Event Title

What Makes the Great Salt Lake Level go Up and Down?

Presenter Information

David G. Tarboton
Ibrahim N. Mohammed

Location

Eccles Conference Center

Event Website

http://water.usu.edu/

Start Date

3-27-2006 10:45 AM

End Date

3-27-2006 11:00 AM

Description

The Great Salt Lake (GSL), Utah, is the fourth largest, perennial, terminal lake in the world. The Great Salt Lake Level fluctuates due to the balance between inflows and outflows. Inflows are due to streamflow, primarily from the Bear River (54%), Weber River (18%) and Jordan/Provo River (28%) systems. Inflows also include precipitation directly on the lake and groundwater both from the East and West sides. The only outflow is evaporation that is controlled by the climate and area of the lake that changes with level. The GSL reached historic high levels above 1284 m in 1873 and 1986. A historic low at 1278 m occurred in 1963. These fluctuations represent the dynamic interactions between the climate and hydrology of the Great Salt Lake Basin as well as the dynamic interaction between lake volume, area and salinity that impact evaporation from the lake. This paper examines the relationships between Basin climate (precipitation and temperature), Inflows to the lake (primarily streamflow) and outflows (evaporation). Historic streamflow used is from USGS stations, both unimpacted hydroclimatic stations and major inflows to the lake near the downstream end of rivers. Precipitation and temperature inputs are from the University of Washington (1/8) degree gridded meteorological data. We separate lake volume changes into increases in the spring (due to spring runoff) and declines in the fall (due to evaporation). These are then analyzed and related to precipitation, streamflow and climate.

This document is currently not available here.

Share

COinS
 
Mar 27th, 10:45 AM Mar 27th, 11:00 AM

What Makes the Great Salt Lake Level go Up and Down?

Eccles Conference Center

The Great Salt Lake (GSL), Utah, is the fourth largest, perennial, terminal lake in the world. The Great Salt Lake Level fluctuates due to the balance between inflows and outflows. Inflows are due to streamflow, primarily from the Bear River (54%), Weber River (18%) and Jordan/Provo River (28%) systems. Inflows also include precipitation directly on the lake and groundwater both from the East and West sides. The only outflow is evaporation that is controlled by the climate and area of the lake that changes with level. The GSL reached historic high levels above 1284 m in 1873 and 1986. A historic low at 1278 m occurred in 1963. These fluctuations represent the dynamic interactions between the climate and hydrology of the Great Salt Lake Basin as well as the dynamic interaction between lake volume, area and salinity that impact evaporation from the lake. This paper examines the relationships between Basin climate (precipitation and temperature), Inflows to the lake (primarily streamflow) and outflows (evaporation). Historic streamflow used is from USGS stations, both unimpacted hydroclimatic stations and major inflows to the lake near the downstream end of rivers. Precipitation and temperature inputs are from the University of Washington (1/8) degree gridded meteorological data. We separate lake volume changes into increases in the spring (due to spring runoff) and declines in the fall (due to evaporation). These are then analyzed and related to precipitation, streamflow and climate.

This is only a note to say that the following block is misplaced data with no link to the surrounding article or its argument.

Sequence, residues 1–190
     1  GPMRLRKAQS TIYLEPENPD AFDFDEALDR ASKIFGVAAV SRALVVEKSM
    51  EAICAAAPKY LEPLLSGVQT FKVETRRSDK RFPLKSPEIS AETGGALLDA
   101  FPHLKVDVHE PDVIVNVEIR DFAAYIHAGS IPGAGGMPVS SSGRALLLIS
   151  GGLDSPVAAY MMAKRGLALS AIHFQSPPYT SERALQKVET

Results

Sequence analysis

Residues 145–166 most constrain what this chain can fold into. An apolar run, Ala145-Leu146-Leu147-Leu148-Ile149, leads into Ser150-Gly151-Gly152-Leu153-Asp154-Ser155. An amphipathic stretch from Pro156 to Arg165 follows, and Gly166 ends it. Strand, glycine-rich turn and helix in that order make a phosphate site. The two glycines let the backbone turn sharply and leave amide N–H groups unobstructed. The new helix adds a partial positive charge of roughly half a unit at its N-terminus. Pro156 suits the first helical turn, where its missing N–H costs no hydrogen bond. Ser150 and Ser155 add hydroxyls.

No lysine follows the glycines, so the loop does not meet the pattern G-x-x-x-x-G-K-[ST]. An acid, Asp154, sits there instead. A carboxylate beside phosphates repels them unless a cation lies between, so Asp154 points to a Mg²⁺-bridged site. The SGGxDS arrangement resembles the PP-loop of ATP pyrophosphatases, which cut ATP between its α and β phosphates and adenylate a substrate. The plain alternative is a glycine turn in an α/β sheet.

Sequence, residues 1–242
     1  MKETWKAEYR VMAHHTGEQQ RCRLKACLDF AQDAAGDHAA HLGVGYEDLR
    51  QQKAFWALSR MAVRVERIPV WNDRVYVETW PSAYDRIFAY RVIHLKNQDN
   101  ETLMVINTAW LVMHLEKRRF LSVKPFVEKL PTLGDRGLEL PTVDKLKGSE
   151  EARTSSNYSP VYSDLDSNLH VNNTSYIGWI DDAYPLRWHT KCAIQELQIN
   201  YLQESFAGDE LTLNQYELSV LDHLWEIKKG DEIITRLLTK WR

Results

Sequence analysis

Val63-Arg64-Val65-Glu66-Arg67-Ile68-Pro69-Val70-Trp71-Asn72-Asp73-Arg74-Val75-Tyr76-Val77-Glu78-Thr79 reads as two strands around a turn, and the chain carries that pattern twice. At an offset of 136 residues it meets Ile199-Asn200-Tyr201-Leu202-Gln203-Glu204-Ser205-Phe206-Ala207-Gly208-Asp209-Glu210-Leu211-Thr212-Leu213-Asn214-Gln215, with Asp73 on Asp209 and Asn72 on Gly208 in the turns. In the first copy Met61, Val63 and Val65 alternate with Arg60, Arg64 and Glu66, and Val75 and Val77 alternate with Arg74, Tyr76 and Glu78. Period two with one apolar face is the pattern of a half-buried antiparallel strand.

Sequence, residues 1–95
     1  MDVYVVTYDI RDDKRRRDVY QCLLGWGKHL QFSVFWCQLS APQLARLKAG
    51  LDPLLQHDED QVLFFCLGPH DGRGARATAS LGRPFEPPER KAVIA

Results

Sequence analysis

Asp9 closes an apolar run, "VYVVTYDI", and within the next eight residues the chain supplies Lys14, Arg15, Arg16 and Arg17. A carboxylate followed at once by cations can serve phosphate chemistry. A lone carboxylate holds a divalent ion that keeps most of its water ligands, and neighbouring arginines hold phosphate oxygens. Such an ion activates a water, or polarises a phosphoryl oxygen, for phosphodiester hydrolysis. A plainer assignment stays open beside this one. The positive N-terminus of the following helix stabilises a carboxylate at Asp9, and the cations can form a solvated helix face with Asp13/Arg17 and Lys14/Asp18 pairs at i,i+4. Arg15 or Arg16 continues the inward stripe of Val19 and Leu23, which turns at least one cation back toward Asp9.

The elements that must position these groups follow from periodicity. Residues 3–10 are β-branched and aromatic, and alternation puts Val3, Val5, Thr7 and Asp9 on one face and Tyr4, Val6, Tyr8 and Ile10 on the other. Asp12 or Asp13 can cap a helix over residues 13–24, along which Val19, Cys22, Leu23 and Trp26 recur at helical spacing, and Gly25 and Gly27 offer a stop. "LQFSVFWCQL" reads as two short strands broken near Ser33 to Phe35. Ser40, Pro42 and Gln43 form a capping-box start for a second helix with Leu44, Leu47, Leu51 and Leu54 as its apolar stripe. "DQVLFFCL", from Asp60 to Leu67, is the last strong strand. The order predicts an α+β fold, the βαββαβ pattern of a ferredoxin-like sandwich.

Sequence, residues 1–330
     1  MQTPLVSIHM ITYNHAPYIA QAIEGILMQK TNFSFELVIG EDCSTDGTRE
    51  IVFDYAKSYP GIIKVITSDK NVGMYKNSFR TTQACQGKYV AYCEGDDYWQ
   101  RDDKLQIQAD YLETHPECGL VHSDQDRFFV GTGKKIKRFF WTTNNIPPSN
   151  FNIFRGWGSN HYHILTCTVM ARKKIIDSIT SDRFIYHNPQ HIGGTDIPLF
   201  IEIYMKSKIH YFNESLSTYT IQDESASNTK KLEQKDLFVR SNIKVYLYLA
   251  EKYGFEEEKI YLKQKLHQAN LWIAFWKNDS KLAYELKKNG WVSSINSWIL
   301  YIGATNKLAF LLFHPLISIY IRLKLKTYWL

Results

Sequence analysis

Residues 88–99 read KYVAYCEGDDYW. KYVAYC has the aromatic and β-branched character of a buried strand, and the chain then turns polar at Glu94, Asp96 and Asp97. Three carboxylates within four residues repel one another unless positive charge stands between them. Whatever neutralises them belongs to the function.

https://digitalcommons.usu.edu/runoff/2006/AllAbstracts/11